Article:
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Tips for flying with prescription medicine

For air travel within the U.S., the TSA allows you to carry on all medications including liquids, gels, and aerosols, with no limit on the amount you can carry. If you have more than three ounces of “medically necessary” drugs and they are not in a quart sized plastic bag, you are required to declare and allow a security screener to examine it. Medicines must be labeled and those in daily dosage containers will be screened.

Travel overseas is a bit trickier, as each country has its own set of rules. To avoid trouble at customs, the State Department recommends that you keep drugs in their original labeled containers and bring copies of your prescriptions as well as a letter from your doctor if you are carrying any unusual or narcotic drugs. They also suggest contacting the U.S. embassy or consulate of the country you’re visiting to find out if it’s legal to bring your particular medication into the country.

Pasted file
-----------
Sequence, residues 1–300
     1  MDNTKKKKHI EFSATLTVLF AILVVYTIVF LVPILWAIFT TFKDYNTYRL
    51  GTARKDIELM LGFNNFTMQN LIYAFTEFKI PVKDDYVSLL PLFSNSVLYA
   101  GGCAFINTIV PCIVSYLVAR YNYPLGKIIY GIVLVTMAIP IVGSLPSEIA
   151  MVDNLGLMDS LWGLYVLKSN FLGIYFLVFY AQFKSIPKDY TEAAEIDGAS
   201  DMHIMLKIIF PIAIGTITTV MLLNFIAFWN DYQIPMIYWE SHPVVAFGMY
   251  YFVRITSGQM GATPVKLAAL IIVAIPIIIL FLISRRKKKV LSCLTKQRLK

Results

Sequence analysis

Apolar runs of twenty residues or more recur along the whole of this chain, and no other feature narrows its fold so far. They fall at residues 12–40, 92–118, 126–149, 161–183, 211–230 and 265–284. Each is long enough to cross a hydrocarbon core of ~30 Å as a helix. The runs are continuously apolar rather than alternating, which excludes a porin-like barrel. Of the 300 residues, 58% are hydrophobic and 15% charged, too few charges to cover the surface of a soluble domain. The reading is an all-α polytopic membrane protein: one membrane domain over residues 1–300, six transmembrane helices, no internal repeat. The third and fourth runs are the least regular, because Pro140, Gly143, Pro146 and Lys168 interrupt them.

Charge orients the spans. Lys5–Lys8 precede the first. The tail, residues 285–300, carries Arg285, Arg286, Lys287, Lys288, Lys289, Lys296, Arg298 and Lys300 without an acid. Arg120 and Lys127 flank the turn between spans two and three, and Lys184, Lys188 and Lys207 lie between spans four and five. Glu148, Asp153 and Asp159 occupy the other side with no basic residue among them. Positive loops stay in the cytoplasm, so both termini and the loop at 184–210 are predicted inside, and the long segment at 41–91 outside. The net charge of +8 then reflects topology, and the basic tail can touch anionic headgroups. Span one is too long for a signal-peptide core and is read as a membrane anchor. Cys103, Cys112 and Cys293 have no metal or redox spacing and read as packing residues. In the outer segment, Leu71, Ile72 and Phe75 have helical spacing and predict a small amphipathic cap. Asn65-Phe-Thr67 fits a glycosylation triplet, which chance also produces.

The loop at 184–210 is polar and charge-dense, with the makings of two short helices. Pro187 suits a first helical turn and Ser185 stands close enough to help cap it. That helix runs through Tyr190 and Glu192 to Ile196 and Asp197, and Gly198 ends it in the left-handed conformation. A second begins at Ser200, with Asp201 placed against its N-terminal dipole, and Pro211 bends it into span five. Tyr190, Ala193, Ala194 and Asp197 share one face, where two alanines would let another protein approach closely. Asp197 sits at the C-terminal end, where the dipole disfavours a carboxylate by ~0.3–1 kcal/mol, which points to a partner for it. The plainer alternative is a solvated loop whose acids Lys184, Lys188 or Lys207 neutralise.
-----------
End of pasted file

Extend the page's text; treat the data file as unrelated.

As a general rule, it’s wise to pack medications in your carry-on bag so they won’t be lost. It’s also helpful to bring a few extra days’ worth of drugs in case you get delayed, your doctor’s phone number and a copy of your prescriptions so you can get refills on the road if necessary.

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